There’s no discounting the impact that Twitter is having on the way we communicate with one another. On Wednesday, cable news network CNBC will air a one-hour special called #TwitterRevolution that showcases how this microblogging platform has grown up in the past seven years to effectively become a global community. But it’s not all praise for the company, as some question whether the service is opening up a pandora’s box of trouble that could lead to the proverbial ‘end of the civilized world.’
CNBC reporter Carl Quintanilla is the man in front of the camera for this documentary that looks at the growing popularity of Twitter, but also looks at the criticism it receives, including the proliferation of anonymity, bullying, and false information.
A new era of tech events has begun
We’re back in New York this November for the 4th edition of our growth-focused technology event.
The show starts off looking at the famous “Miracle on the Hudson” photo and Tweet — one of the many instances that really got the mainstream world abuzz over this “140 character” technology. The photo taken by Janis Krum on that fateful day on the New York ferry helped propel not only himself, but the service, to instant fame.
http://twitpic.com/135xa – There’s a plane in the Hudson. I’m on the ferry going to pick up the people. Crazy.
— Jānis Krūms (@jkrums) January 15, 2009
From there, Quintanilla takes a look at how recent events have been affected by Twitter’s place on the world stage, including the Boston Marathon where not only ordinary people were using it, but also law enforcement, suspects, and the media. But while the show seemed to focus on the platform’s place in tragic events, it also has its place in global affairs such as the Olympics, sports, television, presidential elections, and more. It has helped bring us together to help be this global town square that Twitter CEO Dick Costolo envisioned.
In a way, #TwitterRevolution is aptly named since the social media service has certainly changed the way we interact with one another, at least virtually speaking. But is it a good thing? Rather than normal conversations taking place in cyberspace (yes, I did just say that), it now involves advertisers, which gained entrance into the 200 million user club four years ago. Would that sully the purity of discussions taking place? It doesn’t seem to have had a negative effect so far.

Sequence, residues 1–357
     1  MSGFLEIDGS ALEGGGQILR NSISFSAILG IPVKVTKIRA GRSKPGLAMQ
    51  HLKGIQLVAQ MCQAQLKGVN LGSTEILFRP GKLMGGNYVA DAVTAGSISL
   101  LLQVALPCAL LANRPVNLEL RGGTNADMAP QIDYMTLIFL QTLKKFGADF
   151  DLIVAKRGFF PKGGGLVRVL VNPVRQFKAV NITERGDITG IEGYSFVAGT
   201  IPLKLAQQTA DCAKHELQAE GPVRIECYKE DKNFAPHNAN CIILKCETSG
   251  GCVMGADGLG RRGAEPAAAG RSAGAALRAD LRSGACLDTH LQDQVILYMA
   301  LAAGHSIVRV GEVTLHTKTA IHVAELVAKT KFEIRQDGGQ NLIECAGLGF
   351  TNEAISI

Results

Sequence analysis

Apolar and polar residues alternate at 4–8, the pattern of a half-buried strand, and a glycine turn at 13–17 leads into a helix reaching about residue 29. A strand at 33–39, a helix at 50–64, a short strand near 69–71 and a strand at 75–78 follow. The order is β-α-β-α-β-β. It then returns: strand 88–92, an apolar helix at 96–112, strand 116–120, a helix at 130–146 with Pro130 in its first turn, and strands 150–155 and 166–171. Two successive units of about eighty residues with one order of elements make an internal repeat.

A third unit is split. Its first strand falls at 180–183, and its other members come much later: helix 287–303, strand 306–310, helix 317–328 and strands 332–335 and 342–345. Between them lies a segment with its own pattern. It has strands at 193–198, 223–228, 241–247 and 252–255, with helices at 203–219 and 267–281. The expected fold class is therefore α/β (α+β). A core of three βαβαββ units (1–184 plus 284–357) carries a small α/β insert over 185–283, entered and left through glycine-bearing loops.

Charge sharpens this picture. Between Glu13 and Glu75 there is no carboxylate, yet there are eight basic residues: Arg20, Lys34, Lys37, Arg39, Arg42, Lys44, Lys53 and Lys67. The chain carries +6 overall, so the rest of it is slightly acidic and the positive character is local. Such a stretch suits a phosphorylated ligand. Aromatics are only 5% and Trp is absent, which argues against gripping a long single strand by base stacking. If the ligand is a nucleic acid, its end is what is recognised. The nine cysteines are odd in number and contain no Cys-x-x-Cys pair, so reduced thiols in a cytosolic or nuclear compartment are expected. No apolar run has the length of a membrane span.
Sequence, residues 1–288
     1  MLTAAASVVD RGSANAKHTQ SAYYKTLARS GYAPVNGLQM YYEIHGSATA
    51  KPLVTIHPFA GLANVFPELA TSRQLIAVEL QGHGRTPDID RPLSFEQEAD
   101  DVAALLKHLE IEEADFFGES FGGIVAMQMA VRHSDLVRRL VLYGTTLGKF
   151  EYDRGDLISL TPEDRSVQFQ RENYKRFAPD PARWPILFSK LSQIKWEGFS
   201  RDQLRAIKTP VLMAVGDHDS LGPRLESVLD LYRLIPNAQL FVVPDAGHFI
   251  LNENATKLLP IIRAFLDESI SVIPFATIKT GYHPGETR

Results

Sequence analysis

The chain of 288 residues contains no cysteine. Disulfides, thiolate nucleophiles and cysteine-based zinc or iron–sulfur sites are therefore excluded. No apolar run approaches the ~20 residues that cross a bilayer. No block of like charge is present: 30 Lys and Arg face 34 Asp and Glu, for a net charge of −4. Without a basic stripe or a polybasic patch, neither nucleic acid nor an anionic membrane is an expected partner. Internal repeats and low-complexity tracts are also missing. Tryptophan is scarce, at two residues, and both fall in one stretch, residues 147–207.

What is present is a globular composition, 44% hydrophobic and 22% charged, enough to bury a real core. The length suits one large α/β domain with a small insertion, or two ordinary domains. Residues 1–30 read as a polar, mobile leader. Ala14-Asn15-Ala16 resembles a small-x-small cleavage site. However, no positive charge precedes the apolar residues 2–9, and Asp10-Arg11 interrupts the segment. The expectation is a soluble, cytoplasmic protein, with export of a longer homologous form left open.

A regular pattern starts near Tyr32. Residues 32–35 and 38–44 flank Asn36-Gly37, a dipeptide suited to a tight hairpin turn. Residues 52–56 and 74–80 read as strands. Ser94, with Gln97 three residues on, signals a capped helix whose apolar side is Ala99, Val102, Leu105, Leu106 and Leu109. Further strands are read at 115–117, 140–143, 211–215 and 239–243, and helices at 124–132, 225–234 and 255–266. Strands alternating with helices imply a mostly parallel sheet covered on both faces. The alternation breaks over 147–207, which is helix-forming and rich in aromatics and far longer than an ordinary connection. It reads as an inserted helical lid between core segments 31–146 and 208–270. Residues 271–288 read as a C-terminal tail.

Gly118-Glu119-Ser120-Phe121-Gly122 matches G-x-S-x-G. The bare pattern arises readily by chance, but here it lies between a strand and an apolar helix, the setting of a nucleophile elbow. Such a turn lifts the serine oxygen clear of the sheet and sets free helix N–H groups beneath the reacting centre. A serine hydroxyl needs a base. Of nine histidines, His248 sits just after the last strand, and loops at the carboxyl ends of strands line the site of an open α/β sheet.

So will Twitter go public anytime soon? The company has made some moves, specifically posting job openings for a financial reporting manager with experience in public documents. Costolo wouldn’t answer the question outright when prodded by Quntanilla, this time choosing to respond with:
When I get up in the morning and think about what we have to accomplish here in building this global town square, and reaching the number of people we’re trying to reach and growing as fast as we’re growing in all these different places around the world and trying to build and scale a global organization — those are the things that occupy all my time.
Take a breath, Costolo. We get it.
Vine is doing just fine
Twitter is certainly diversifying its portfolio. It has acquired analytics companies, launched filters for photos, and created its own ecosystem of apps, including TweetDeck and other third-party offerings. But what about Vine? The six-second video product is one of the company’s recent forays into the media world, but it quickly found itself competing against Instagram, which launched its own 15-second video service in June.
Amid some reports saying that Instagram video was being used more than Vine, Costolo refuted that claim, telling Quintanilla that Vine is “growing as well as we had hoped and in fact has inspired the sort of creativity we all hoped and knew it would.”
Decline of the civilized world?
When asked about his thoughts about what critics see Twitter has the harbinger of doom for the civilized world, Costolo shrugs it off and says he has a “philosophical difference” with those people. He reiterates that the company is recreating the town hall of yesteryear in today’s society using available technology. It has become seen as such by politicians including US President Barack Obama, former President Bill Clinton, congressional leaders, and other heads of state.
Costolo says that the town square was where people flocked to feel more connected with politicians, musicians, and each other: “it was totally unfiltered and raw.”
But it’s that kind of attitude that has the company’s critics in an uproar because they feel that there’s no censor. Just look at the US presidential elections in 2012 — after President Obama won a second term, one need only do a search to find racist tweets written by young adults and teenagers, many who probably haven’t thought twice about what they’re sharing.
Also, Twitter is facing a growing movement by users who feel the company isn’t doing enough to protect them from abuse and bullying. In the UK, a campaigner was deluged with rape threats via the social network, prompting a company executive to respond saying that Twitter “take(s) online abuse seriously” and will “suspend accounts that, once reported to us, are found to be in breach of our rules.”
But is it really a bad service? After all, Twitter is one of the few technology companies that reportedly rebuffed the National Security Agency’s efforts to get it to cooperate with its Prism surveillance program.
It’s probably assumed by most people that Twitter is on the road to an IPO where it will become a public company. But then again, if you subscribe to Costolo’s goal of Twitter being the town square, isn’t it already?
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